The answer isn't as cut-and-dried as you may think, cautions Matt Humphrey, president of HOAleader.com, an organization devoted to what its tagline calls "practical advice for condominium and homeowners associations" and co-op boards. The question brings together several difficult issues, including who's entitled to see minutes when and what should — and definitely shouldn't — be in meeting minutes.
Written by Amelia J. Adair on November 09, 2012
Many articles talk about how to handle the tough stuff that may come up during co-op or condo board meetings. But sometimes it's the easy stuff that can trip you up. Here's a handy list of "rookie mistakes" — oversights that new or inexperienced condo / co-op board presidents or committee meeting chairs often make. Keep this with you and you’ll be more confident and professional while you preside over your first meetings.
Written by Eric M. Goidel on November 13, 2012
A large cooperative development with multiple buildings and a no-pet policy found itself with many shareholders who had acquired pets. Given the size of the development and the fact that it contained a significant number of rent-stabilized tenants who were entitled to harbor pets, the board and management had difficulty in determining, even when a resident was observed walking a pet, whether the pet was permitted.
Written by Geoffrey Mazel on November 06, 2012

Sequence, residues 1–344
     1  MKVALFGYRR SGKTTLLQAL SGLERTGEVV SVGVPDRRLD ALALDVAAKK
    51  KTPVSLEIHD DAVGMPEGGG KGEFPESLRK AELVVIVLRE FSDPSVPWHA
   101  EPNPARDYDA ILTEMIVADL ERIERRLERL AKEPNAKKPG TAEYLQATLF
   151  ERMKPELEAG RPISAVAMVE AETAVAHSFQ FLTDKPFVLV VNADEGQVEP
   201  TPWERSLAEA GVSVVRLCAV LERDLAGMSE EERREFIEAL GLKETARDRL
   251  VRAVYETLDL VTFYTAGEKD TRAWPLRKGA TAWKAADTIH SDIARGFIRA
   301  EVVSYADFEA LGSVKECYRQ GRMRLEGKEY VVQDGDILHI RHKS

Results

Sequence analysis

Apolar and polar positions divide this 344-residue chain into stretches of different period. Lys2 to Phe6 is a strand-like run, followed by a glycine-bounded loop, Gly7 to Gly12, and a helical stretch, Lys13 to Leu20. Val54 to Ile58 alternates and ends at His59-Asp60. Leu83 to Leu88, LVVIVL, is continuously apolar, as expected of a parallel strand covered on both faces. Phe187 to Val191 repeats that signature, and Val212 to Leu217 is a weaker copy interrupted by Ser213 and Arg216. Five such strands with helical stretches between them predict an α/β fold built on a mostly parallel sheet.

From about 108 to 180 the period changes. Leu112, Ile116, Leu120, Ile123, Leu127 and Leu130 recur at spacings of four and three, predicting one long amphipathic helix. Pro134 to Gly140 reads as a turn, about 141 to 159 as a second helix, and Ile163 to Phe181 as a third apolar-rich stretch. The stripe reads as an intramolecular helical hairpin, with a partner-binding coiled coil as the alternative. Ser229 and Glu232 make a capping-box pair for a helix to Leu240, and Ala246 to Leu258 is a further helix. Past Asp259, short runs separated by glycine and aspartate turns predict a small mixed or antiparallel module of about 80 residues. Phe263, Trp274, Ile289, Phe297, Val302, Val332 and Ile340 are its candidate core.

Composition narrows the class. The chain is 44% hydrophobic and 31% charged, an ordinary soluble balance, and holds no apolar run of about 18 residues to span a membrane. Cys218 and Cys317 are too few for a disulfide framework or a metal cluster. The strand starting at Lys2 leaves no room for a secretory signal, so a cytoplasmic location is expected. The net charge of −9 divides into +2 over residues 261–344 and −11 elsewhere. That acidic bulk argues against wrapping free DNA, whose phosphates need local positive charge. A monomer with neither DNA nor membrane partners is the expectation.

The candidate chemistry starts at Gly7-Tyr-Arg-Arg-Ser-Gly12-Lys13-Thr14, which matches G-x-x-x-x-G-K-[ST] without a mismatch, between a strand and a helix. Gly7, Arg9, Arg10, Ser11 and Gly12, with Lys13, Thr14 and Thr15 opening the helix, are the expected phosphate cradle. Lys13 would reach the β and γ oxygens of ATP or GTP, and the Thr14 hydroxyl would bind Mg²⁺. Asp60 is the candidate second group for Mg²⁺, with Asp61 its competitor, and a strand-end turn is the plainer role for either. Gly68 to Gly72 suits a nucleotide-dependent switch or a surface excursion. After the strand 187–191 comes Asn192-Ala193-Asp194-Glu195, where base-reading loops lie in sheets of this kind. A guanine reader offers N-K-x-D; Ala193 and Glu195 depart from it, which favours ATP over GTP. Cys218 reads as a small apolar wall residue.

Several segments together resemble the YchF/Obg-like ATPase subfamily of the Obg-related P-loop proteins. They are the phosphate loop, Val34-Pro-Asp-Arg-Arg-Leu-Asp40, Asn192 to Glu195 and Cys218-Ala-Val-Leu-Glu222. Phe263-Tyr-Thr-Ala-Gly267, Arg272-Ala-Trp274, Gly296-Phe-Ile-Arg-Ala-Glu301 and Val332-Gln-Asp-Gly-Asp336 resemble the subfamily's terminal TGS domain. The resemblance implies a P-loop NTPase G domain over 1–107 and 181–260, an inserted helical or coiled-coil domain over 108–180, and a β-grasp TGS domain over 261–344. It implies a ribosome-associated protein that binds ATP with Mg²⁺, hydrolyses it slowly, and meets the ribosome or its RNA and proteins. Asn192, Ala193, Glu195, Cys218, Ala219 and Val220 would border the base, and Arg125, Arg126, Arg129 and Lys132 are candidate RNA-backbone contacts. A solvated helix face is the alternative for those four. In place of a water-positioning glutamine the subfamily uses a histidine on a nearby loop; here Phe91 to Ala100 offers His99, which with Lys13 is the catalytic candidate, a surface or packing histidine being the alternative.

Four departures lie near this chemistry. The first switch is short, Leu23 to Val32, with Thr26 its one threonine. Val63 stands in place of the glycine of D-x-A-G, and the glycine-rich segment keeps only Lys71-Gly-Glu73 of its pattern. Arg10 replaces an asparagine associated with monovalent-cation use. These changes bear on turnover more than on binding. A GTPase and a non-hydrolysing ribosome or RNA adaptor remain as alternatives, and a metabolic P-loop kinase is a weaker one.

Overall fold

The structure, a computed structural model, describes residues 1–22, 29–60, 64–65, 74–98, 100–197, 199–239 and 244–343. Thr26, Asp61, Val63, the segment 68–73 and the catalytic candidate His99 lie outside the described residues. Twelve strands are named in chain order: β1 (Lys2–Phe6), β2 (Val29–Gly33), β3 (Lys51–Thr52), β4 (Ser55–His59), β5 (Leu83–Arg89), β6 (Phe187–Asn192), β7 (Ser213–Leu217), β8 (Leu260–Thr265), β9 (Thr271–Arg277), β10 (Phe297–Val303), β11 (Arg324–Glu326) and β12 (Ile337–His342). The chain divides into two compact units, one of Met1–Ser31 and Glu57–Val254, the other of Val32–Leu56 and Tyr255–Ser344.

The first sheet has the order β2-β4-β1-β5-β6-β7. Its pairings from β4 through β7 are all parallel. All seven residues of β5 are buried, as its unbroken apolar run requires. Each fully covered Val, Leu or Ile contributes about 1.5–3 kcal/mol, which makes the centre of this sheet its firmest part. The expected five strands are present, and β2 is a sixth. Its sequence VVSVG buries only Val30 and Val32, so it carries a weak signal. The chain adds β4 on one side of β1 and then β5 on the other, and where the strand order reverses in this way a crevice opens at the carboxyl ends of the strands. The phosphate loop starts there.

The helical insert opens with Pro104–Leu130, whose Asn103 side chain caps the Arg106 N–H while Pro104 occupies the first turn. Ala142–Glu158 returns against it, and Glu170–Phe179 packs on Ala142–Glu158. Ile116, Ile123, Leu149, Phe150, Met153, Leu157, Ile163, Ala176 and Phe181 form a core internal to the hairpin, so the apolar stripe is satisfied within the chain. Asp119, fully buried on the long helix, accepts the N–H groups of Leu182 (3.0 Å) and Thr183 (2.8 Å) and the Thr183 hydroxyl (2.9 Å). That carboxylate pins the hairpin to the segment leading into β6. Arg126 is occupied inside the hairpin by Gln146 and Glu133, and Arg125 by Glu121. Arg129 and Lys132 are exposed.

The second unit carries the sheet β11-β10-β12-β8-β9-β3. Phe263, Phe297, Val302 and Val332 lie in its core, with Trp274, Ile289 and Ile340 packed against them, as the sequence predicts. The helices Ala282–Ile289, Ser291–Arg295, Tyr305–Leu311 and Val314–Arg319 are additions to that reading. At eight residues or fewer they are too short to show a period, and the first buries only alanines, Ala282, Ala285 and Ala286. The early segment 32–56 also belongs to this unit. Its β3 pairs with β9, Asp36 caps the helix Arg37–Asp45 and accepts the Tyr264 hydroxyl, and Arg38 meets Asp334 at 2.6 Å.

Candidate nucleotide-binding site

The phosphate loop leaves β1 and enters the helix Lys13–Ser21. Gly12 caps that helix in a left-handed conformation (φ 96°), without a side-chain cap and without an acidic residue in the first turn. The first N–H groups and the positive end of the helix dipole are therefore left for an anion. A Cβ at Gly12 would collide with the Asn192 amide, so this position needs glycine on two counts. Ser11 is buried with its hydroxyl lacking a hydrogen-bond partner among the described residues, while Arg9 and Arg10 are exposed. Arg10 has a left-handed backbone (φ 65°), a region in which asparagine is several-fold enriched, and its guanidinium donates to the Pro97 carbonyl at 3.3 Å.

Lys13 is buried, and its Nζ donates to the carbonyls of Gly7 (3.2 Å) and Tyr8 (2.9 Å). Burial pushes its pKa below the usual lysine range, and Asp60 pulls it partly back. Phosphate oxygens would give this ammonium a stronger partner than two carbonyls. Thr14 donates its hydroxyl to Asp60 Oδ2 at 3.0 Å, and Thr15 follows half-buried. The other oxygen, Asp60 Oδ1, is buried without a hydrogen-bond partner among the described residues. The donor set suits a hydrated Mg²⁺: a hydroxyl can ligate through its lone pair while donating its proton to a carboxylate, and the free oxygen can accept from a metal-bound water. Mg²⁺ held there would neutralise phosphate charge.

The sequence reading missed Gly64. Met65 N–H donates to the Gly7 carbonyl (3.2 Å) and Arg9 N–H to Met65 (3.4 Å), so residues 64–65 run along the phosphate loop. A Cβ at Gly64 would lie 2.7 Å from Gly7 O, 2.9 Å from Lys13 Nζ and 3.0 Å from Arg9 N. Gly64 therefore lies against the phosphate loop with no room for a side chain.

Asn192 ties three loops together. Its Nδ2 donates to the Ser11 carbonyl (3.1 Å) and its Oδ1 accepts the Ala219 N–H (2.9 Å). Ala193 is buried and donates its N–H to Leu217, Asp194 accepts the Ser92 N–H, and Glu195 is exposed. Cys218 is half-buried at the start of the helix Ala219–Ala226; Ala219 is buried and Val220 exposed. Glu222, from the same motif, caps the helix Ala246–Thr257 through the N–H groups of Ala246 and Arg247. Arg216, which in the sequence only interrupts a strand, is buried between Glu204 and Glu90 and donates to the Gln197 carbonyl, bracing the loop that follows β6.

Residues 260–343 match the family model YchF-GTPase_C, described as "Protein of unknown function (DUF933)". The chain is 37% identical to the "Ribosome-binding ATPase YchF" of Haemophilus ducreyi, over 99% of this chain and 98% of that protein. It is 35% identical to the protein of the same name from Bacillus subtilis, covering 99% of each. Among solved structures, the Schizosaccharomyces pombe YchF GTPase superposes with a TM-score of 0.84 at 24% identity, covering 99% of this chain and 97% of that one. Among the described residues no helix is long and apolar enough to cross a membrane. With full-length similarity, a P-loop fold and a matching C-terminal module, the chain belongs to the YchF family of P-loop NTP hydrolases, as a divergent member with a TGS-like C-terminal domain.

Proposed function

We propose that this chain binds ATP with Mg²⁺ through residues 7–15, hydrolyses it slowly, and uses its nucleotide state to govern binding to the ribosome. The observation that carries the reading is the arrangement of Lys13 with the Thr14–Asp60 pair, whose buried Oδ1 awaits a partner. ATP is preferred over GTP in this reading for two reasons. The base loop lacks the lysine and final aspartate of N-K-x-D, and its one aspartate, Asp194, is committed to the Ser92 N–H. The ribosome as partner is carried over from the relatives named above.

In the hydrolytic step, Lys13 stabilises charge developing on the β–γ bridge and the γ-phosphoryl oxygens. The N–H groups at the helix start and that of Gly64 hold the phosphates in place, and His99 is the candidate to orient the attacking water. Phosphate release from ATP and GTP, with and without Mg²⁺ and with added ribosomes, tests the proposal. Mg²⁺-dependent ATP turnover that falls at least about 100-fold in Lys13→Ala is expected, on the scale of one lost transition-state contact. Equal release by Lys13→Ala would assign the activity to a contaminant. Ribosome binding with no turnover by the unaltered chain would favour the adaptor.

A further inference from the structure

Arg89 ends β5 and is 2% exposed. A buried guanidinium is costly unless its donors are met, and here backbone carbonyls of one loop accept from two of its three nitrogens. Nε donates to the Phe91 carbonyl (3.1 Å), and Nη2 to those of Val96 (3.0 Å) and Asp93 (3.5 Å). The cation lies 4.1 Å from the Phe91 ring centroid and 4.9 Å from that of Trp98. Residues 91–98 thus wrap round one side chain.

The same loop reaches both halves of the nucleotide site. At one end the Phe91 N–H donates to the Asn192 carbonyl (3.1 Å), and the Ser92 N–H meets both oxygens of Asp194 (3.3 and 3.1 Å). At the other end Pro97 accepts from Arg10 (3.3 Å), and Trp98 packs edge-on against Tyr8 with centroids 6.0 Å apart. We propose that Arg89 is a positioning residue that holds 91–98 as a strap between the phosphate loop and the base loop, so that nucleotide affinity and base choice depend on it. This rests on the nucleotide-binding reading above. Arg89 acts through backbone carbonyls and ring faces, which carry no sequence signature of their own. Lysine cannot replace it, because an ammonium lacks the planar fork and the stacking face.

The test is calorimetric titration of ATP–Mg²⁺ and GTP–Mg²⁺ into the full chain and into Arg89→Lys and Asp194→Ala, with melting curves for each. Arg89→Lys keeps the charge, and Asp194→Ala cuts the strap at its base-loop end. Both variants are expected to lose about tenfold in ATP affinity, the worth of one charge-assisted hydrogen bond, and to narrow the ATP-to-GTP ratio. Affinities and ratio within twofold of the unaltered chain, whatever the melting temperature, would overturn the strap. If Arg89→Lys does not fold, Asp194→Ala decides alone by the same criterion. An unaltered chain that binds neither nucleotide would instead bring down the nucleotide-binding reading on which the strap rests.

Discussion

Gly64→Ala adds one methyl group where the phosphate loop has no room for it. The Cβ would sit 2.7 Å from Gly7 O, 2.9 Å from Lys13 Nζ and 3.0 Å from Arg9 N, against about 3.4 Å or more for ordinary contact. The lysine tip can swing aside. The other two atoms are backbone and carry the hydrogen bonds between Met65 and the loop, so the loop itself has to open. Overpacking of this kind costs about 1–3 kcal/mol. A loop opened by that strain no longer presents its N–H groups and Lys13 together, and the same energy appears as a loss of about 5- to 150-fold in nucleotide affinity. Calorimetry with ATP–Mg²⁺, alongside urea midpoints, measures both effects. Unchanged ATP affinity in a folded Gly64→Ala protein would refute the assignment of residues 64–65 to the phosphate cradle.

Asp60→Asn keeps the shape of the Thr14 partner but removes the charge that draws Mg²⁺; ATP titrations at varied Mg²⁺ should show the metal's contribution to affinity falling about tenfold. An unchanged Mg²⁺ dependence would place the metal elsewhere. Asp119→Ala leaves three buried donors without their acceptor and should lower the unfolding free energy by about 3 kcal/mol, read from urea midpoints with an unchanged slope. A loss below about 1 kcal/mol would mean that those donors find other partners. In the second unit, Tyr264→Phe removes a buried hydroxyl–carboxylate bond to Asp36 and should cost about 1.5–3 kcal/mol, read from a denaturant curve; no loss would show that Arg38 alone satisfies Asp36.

We represented a co-op board for which illegal sublets were becoming an increasing problem. The proprietary lease for this cooperative corporation stated that all sublets must be made only with board approval. The cooperative was fairly large, and some shareholders were subletting without board approval and without even notifying the board. The board decided it was time to take some action.
Written by Joel E. Miller on November 08, 2012
Every once in a while, an apartment owner reports that he or she has heard that, because his or her apartment is in a building that is located within a registered historic district, the owners of apartments there have an opportunity to obtain a really big income-tax deduction without any appreciable cost. The thing to do, they say they were told, is to "donate" a "façade easement." What they want to know, of course, is whether it works. And, oh, yes, they also want to know just what is involved in making such a "donation."
Written by James W. Glatthaar on November 08, 2012
A board member wished to borrow a portion of the reserve fund for a personal business transaction. He agreed to (a) pay seven percent interest on the money, (b) repay the money within 30 days of a demand by the board, (c) execute an assignment of rental income from a rental property he owned, (d) execute a confession of judgment for the full amount of the loan, and (e) repay the loan in full and any accrued interest within 90 days. The board member’s transaction closed and the money was repaid to the association. Everything went off without a hitch — and then the firestorm ensued.